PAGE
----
Jasonred : I think I like the joseki from the first diagram best... how about other people? For me, I tried it, and if my opponent follows it, well and good, if not, and I get the top left corner, with the other two stones, I've basically stolen the entire top of the board, no?

Charles Matthews This kind of capping play is used even by pros. It can create early confusion and fighting. My philosophy is to be less confused than Black; and I don't use it much. But that's personal taste. If you cap as White, you can learn how expanding and running fights have an impact on surrounding areas (which is interesting). My way relies more on neutralising Black's influence before fighting.


By the way, this formation is called the butterfly (Korean name). Traditionally it has a bad reputation - as was said above, it doesn't prevent invasion in the way that a play at a would if you moved the marked stone there.

Like so many old ideas, though, that is questioned in current Korean pro play.

See also: How to win with a 9 stone handicap.

Cazort: I'm not the best player but I sometimes play 9-stone handicap games as white, especially against newish players. I find that the hardest thing for me is to ensure that I have enough solid groups reaching into the center so that I can effectively reduce black's center territory. When I lose such games it is always because of a large black center territory. Anyone have advice on how to do this? It's hard because starting plays on the fourth line and above can easily create weak groups for black to chase.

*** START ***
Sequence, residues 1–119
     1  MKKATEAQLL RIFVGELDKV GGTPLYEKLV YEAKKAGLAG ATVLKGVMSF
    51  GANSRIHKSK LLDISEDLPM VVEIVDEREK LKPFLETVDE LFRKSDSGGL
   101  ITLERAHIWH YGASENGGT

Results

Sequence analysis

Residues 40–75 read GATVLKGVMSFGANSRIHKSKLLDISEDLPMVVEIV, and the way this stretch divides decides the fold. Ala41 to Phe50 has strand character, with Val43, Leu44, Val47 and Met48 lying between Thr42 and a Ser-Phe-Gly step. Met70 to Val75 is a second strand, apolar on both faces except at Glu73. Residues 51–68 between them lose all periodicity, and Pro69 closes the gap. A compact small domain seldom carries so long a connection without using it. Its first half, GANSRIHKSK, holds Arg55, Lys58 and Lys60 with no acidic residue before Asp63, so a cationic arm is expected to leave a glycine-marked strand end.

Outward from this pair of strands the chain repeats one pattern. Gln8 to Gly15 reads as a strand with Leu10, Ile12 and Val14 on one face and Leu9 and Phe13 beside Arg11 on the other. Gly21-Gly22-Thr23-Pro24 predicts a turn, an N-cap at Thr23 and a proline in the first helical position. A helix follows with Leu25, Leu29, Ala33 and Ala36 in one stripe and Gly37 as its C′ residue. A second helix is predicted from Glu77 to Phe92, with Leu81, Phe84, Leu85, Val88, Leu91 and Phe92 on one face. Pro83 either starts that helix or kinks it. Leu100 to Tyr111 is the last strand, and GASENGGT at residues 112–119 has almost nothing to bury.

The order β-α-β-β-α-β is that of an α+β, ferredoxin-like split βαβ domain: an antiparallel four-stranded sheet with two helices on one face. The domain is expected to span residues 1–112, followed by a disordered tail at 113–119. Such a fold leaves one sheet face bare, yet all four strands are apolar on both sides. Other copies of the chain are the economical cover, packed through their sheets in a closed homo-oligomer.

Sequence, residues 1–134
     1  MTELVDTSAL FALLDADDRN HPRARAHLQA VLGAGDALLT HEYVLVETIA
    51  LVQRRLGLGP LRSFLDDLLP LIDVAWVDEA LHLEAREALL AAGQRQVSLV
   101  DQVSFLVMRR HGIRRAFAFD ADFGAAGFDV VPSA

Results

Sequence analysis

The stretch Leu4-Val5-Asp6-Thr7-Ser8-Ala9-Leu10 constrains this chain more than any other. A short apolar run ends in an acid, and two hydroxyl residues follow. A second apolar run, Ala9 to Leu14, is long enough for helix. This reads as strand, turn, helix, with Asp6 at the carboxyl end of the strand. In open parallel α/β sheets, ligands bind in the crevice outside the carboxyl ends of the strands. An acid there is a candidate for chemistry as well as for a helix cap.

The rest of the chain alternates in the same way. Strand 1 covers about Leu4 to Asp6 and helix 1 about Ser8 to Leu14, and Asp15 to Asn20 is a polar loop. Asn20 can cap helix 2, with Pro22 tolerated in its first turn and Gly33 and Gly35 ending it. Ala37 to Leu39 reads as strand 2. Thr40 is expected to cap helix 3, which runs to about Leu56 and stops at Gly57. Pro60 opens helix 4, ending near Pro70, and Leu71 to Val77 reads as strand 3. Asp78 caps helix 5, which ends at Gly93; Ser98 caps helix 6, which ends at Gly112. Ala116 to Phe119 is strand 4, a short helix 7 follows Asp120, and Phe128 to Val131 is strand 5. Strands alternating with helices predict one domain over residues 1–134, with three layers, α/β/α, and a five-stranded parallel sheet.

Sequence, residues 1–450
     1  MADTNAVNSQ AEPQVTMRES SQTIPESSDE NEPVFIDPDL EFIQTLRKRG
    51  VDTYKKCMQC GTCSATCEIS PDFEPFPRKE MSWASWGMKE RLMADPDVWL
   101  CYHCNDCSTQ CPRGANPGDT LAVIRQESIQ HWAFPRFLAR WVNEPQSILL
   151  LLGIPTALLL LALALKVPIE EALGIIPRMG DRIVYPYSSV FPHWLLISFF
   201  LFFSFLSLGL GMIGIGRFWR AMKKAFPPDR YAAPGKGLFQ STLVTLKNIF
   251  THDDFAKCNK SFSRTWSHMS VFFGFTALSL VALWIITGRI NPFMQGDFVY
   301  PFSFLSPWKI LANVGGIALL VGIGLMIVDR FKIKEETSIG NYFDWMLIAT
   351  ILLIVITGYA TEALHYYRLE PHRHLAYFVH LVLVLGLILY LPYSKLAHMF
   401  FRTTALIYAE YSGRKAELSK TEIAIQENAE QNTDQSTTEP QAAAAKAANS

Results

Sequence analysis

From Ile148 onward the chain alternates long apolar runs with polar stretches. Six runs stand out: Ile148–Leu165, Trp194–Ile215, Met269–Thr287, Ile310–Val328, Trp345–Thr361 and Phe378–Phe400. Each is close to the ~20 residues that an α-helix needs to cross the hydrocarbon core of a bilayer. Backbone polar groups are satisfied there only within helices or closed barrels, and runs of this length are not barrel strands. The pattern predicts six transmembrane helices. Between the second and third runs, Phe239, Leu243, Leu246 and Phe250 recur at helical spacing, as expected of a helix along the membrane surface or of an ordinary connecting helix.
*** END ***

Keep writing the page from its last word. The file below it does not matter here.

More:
togo: Being chased around is actually a good thing with 9 stone handicap. You will reach every region on board. But you have to play lightly of course. Further reason for this working so well is, that black will give you eyes by error. So you are losing points by working for them by yourself.

tapir: I believe much of this page is misguided. The main thought when playing 9 stone handicap games should be, what will the player receiving handicap will learn from it. I tend to emphasise: it is not easy (and not necessarily good) to aim for territory too early (to get this message across I work hard against players who simply try to take territory and win with 5 points after receiving 9 stones), strength is for fighting, but fighting needs patience - keep strong in the meanwhile, sacrificing is good, throwing stones away without profit isn't, white stones are mortal, you can't get everything...